Don't Worry, Wiki
Are you LinkedIn? Your resume on Monster? Your mug on MySpace? Your face on Facebook? Do you Yahoo? YouTube? Twitter? To listen to conventional wisdom, finding, keeping and excelling at your job now involves the tools we were only recently beginning to accept as tools for finding love.
Still, not everyone Twitters, Monsters or LinksIn (forgive the bastardization of a brand name), and there remain those among us who feel the Web 2.0 world is for play, not work, or reserved for Gen Y-ers tossing sheep.
But the new world order has preserved an ancient method of self-promotion -- publishing.
Like the Academia from which the industry sprung, career techies have long sought publishing -- professional journals, trade publications, books -- as a means to push their processes, tout their techniques and promote their names.
The concept has never been easier thanks to the wiki, and it's the first place a Web 2.0-phobe should turn to self-promote and "add business value to your career," said Joe Gentry, CTO and senior VP of Software AG, who fancies himself knowledgeable in the matters of IT career navigation.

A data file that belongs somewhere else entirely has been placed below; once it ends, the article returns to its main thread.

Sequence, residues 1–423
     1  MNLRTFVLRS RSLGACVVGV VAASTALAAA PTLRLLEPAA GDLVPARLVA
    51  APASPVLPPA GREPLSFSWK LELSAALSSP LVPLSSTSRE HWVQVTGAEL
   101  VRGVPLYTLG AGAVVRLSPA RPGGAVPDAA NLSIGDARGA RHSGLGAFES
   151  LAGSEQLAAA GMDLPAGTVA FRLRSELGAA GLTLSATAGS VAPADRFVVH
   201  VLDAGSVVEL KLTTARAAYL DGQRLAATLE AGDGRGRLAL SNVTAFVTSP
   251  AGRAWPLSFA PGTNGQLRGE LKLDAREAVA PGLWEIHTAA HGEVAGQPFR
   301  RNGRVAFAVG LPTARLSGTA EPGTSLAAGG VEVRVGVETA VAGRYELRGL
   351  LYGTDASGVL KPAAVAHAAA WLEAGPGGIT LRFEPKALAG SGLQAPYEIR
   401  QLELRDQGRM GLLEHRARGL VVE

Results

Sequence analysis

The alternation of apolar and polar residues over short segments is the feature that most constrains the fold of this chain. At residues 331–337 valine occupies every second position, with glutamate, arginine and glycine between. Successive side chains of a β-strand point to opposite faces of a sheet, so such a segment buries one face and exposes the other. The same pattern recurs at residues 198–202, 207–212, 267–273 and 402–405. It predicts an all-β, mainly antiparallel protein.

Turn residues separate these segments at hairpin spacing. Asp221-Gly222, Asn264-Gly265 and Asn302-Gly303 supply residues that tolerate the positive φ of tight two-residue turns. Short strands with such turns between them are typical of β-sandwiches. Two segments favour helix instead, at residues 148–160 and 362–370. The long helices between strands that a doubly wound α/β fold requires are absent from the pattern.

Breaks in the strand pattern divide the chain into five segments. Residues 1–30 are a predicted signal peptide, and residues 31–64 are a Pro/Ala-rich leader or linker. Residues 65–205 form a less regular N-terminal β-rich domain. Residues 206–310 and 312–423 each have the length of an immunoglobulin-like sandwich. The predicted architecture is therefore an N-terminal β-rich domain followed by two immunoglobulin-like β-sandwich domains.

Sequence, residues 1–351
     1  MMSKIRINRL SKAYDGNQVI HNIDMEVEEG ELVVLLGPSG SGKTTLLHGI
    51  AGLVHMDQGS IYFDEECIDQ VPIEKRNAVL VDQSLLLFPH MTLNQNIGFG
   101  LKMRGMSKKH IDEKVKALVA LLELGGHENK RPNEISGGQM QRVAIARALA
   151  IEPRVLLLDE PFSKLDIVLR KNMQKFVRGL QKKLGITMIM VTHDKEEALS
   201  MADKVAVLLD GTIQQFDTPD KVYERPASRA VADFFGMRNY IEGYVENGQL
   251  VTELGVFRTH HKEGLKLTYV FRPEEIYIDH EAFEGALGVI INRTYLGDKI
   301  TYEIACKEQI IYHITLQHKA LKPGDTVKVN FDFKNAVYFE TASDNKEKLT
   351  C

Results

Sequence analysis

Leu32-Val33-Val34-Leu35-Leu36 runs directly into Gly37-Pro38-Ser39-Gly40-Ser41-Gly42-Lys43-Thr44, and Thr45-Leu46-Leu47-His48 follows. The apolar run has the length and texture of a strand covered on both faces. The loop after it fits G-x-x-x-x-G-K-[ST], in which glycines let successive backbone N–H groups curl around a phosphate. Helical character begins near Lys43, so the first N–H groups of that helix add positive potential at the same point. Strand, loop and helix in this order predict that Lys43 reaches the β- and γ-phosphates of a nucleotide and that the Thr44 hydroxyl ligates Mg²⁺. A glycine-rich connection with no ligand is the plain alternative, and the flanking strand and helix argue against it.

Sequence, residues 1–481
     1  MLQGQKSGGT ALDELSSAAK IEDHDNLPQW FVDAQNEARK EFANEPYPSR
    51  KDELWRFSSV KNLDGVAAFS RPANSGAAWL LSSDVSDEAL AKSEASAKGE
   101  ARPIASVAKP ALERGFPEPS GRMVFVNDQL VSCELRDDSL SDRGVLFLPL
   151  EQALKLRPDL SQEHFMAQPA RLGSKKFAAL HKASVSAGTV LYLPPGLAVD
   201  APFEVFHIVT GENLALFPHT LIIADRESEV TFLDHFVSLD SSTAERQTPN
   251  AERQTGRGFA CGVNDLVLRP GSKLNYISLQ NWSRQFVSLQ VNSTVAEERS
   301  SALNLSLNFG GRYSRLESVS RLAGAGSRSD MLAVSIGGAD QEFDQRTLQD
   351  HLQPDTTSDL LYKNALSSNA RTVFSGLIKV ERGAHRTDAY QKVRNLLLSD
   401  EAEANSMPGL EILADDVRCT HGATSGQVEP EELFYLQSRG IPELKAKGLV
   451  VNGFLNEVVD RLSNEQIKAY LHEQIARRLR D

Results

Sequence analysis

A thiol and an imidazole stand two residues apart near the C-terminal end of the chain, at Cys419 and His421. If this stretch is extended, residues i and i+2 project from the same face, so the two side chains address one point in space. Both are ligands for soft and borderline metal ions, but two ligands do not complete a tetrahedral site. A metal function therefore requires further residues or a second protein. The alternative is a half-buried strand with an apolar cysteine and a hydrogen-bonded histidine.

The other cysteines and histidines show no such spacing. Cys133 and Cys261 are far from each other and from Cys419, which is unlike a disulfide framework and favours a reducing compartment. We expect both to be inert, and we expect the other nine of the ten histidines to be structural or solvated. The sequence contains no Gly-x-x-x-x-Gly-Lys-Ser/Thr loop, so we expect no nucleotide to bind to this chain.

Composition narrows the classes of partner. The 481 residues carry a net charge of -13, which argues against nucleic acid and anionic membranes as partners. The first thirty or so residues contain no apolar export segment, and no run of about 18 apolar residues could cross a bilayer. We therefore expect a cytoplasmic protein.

"If you are a developer, analyst or administrator with a couple of decades under your belt, you'll probably concede (as a good corporate citizen) that there's a bunch of business domain knowledge stored inside your head that ought to be passed along to others in the organization before you call it a career," Gentry said. "But writing a stack of traditional user manuals is like eating dirt, right?"
Many companies, such as IBM, are using internal wikis to share and evangelize institutional knowledge. But there are tools such as Zoho, Wikispaces and PBwiki that let you create and share your pages.